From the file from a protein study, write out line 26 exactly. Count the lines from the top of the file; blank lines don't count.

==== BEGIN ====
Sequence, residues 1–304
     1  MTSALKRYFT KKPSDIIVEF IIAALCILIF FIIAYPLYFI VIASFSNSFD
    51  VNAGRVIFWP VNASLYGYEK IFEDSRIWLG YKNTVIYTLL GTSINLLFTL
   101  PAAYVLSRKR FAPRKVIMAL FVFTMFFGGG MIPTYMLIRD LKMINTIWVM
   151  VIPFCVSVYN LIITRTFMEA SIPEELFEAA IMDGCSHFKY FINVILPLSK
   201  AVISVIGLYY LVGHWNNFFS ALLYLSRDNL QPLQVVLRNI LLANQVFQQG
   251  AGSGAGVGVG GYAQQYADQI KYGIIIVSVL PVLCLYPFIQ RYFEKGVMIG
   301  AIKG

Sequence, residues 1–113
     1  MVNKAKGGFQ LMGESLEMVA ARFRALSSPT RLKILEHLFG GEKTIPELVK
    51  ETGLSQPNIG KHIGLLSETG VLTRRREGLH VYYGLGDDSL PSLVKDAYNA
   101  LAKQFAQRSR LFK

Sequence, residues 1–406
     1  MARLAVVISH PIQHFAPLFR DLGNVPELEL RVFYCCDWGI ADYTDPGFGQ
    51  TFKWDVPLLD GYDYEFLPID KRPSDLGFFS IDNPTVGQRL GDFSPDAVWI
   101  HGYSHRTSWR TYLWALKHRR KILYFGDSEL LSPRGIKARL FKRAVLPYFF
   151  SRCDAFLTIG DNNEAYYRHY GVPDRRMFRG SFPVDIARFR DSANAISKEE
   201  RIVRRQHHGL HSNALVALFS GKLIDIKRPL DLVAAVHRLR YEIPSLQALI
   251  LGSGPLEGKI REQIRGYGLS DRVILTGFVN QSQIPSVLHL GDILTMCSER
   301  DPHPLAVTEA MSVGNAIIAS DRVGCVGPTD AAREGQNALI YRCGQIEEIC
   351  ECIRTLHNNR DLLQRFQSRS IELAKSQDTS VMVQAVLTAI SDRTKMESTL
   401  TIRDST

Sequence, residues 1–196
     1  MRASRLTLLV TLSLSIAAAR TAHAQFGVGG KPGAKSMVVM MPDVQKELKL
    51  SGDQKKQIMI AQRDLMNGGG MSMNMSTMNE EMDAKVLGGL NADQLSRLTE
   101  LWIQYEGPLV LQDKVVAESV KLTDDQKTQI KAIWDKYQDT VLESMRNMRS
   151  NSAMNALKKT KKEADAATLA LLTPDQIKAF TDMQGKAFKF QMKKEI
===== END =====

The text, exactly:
   101  LWIQYEGPLV LQDKVVAESV KLTDDQKTQI KAIWDKYQDT VLESMRNMRS